Woods Hole Coastal and Marine Science Center

Sea-Level Rise

Filter Total Items: 20
Date published: September 16, 2021
Status: Active

Using Video Imagery to Study Head of the Meadow Beach

Two video cameras are mounted on a bluff near Head of the Meadow Beach, Cape Cod National Seashore, North Truro, MA. One camera looks alongshore toward the north-northeast, and the second looks directly offshore (northeast). The cameras are part of a U.S. Geological Survey research project to study the beach and nearshore environment shared by beachgoers, shorebirds, seals, and sharks. The...

Date published: August 4, 2021
Status: Completed

Woods Hole Coastal and Marine Science Center 2020 Annual Report

The U.S. Geological Survey (USGS) Woods Hole Coastal and Marine Science Center in Woods Hole, Massachusetts, is one of three centers serving the mission of the USGS Coastal/Marine Hazards and Resources Program (CMHRP). Since its authorization by Congress in 1962, the CMHRP has served as the primary Federal program for marine geology and physical science research.

Date published: March 22, 2021
Status: Active

Massachusetts Integrated Coastal Studies (MICS)

Coastal erosion, intense storm events and sea-level rise pose threats to coastal communities and infrastructure. Managers and scientists often lack the high-resolution data needed to improve estimates of sediment abundance and movement, shoreline change, and seabed characteristics that influence coastal vulnerability. To address these and other needs the U.S. Geological Survey, in partnership...

Date published: December 28, 2020
Status: Active

Stellwagen Bank National Marine Sanctuary Geologic Mapping

These field activity data releases, publications, and maps are part of the combined effort by the U.S. Geological Survey and NOAA’s Stellwagen Bank National Marine Sanctuary to map the geologic substrates of Stellwagen Bank and to study the ecology of fish and invertebrate species that inhabit the bank’s sandy substrates off Boston, Massachusetts.

Date published: August 27, 2020
Status: Active

COAWST: A Coupled-Ocean-Atmosphere-Wave-Sediment Transport Modeling System

Understanding the processes responsible for coastal change is important for managing both our natural and economic coastal resources. Storms are one of the primary driving forces causing coastal change from a coupling of wave- and wind-driven flows. To better understand storm impacts and their effects on our coastlines, there is an international need to better predict storm paths and...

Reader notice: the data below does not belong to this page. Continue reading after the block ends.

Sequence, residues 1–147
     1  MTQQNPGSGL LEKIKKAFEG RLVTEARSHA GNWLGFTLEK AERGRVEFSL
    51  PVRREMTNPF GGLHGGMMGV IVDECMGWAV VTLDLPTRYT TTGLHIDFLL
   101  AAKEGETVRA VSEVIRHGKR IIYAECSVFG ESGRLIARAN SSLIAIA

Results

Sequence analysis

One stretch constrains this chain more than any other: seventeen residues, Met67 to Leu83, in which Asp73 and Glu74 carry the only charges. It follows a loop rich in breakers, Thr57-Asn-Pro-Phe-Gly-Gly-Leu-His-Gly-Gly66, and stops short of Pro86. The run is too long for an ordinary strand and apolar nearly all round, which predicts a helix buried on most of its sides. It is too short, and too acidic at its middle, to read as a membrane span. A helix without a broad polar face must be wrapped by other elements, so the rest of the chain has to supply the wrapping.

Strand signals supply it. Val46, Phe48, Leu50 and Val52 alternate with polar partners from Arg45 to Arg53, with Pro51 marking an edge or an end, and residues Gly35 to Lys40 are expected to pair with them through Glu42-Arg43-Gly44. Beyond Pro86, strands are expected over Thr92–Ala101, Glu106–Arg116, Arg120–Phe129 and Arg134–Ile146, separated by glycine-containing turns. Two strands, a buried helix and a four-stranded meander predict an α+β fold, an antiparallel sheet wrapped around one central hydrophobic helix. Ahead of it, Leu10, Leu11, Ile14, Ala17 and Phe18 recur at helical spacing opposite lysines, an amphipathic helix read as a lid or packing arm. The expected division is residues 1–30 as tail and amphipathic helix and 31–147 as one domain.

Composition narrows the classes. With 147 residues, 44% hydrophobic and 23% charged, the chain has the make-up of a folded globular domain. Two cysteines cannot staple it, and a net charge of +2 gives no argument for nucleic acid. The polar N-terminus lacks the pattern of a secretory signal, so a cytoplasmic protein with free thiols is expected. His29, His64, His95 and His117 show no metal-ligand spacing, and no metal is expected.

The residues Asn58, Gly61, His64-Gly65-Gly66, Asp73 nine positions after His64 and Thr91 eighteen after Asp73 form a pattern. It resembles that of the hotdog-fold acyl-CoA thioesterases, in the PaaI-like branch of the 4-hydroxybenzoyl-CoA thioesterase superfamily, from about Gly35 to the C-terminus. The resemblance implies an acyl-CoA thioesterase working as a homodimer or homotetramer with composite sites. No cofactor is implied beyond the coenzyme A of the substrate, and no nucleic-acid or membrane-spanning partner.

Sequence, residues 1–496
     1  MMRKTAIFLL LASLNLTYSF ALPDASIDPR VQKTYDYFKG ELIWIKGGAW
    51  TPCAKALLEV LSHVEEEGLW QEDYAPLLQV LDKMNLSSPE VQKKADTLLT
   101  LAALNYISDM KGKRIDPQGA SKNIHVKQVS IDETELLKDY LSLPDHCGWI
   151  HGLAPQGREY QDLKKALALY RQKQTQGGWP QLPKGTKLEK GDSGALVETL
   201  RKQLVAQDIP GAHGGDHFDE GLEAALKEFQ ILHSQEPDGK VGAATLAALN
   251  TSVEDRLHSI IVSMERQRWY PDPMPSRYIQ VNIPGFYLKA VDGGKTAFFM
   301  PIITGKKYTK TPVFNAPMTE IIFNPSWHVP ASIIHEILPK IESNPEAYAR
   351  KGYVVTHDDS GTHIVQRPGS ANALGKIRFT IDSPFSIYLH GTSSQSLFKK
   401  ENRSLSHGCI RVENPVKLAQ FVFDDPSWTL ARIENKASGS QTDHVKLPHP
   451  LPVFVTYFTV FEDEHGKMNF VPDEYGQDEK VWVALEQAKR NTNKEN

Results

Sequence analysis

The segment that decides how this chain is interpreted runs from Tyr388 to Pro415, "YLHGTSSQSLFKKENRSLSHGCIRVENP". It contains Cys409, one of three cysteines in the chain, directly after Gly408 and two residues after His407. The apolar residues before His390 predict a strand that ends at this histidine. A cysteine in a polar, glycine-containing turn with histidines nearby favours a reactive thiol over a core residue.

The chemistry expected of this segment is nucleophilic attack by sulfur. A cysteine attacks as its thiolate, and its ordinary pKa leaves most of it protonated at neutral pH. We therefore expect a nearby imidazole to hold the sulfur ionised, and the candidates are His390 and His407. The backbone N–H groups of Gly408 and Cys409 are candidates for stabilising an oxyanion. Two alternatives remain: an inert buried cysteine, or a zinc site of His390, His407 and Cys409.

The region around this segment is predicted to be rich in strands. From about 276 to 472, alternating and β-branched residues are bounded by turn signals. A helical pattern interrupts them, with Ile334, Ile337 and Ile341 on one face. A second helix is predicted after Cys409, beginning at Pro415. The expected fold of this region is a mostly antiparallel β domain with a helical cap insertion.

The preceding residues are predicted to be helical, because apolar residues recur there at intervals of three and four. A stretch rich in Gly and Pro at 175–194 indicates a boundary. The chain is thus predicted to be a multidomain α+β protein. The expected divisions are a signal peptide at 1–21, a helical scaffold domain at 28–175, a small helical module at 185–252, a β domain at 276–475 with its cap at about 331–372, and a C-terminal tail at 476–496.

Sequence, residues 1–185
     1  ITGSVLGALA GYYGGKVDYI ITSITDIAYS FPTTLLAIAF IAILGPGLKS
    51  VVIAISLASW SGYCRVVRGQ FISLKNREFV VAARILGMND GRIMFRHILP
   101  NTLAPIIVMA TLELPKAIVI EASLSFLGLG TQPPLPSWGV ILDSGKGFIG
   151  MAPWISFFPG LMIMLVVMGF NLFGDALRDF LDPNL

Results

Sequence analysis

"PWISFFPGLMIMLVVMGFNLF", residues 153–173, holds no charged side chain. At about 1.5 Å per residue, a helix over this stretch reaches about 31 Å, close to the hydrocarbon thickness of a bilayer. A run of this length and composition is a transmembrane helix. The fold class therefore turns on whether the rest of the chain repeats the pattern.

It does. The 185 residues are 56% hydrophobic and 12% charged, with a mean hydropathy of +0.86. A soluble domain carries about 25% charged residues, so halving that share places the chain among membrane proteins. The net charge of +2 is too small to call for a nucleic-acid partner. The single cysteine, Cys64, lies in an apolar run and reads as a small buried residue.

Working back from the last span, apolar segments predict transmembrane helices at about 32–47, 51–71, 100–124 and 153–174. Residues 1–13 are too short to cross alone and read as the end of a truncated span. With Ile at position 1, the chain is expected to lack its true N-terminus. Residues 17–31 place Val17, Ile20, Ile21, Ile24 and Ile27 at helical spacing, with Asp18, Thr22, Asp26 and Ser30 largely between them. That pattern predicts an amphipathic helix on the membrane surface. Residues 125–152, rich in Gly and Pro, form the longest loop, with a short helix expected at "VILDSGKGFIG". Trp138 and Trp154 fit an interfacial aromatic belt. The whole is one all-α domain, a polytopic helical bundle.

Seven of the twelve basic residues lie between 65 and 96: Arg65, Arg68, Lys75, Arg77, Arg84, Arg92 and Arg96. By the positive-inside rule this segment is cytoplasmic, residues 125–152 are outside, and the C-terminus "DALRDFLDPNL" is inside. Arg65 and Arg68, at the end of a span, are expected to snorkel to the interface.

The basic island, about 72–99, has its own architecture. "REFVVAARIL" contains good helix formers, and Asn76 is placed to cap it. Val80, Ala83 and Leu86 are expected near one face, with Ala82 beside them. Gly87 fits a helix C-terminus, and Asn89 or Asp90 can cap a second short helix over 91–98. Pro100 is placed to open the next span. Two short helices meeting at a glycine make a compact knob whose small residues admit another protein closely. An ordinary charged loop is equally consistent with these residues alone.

Date published: February 14, 2020
Status: Active

Coastal Change at Fire Island, a geonarrative

For more than two decades the U.S. Geological Survey has been researching Fire Island's offshore, nearshore, and barrier island systems to better understand drivers of coastal change and evolution. This geonarrative delves into how barrier islands change and evolve, demonstrates how seasons, storms and humans change beaches, and explores the role models play in predicting what the beach might...

Date published: July 11, 2019
Status: Active

Sea-Level Rise Hazards and Decision Support

The Sea-Level Rise Hazards and Decision-Support project assesses present and future coastal vulnerability to provide actionable information for management of our Nation’s coasts.  Through multidisciplinary research and collaborative partnerships with decision-makers, physical, biological, and social factors that describe landscape and habitat changes are incorporated in a...

Date published: June 17, 2019
Status: Active

The Coupled Ocean-Atmosphere-Wave-Sediment Transport Modeling System

To responsibly manage our coastal resources requires an understanding of the processes responsible for coastal change. The CMHRP developed a Coupled Ocean–Atmosphere–Wave–Sediment Transport (COAWST) modeling system that allows the user to evaluate how different processes such as winds and waves,...

Date published: April 26, 2019
Status: Active

Woods Hole Coastal and Marine Science Center in the Field

In the Field; Land, Sea, and Air

Woods Hole Coastal and Marine Science Center scientists and staff study coastal and ocean resources and processes from the land, sea, and air, to shorelines and estuaries to the continental shelf, deep sea, lake floor, river bottoms and shallow subsurfaces environments.

 We have implemented new safety and fieldwork processes to...

Date published: February 19, 2019
Status: Active

Sea Level Change

An interactive guide to global and regional sea level rise scenarios for the United States.

Date published: February 1, 2019
Status: Active

Estuarine Processes, Hazards, and Ecosystems

Estuarine processes, hazards, and ecosystems describes several interdisciplinary projects that aim to quantify and understand estuarine processes through observations and numerical modeling. Both the spatial and temporal scales of these mechanisms are important, and therefore require modern instrumentation and state-of-the-art hydrodynamic models. These projects are led from the U.S....

Date published: January 1, 2019
Status: Active

Geologic Mapping of the Massachusetts Seafloor

The U.S. Geological Survey, in cooperation with the Massachusetts Office of Coastal Zone Management (CZM) is conducting geologic mapping of the sea floor to characterize the surface and shallow subsurface geologic framework within the Massachusetts coastal zone. The long-term goal of this mapping effort is to produce high-resolution geologic maps and a Geographic Information System (GIS) that...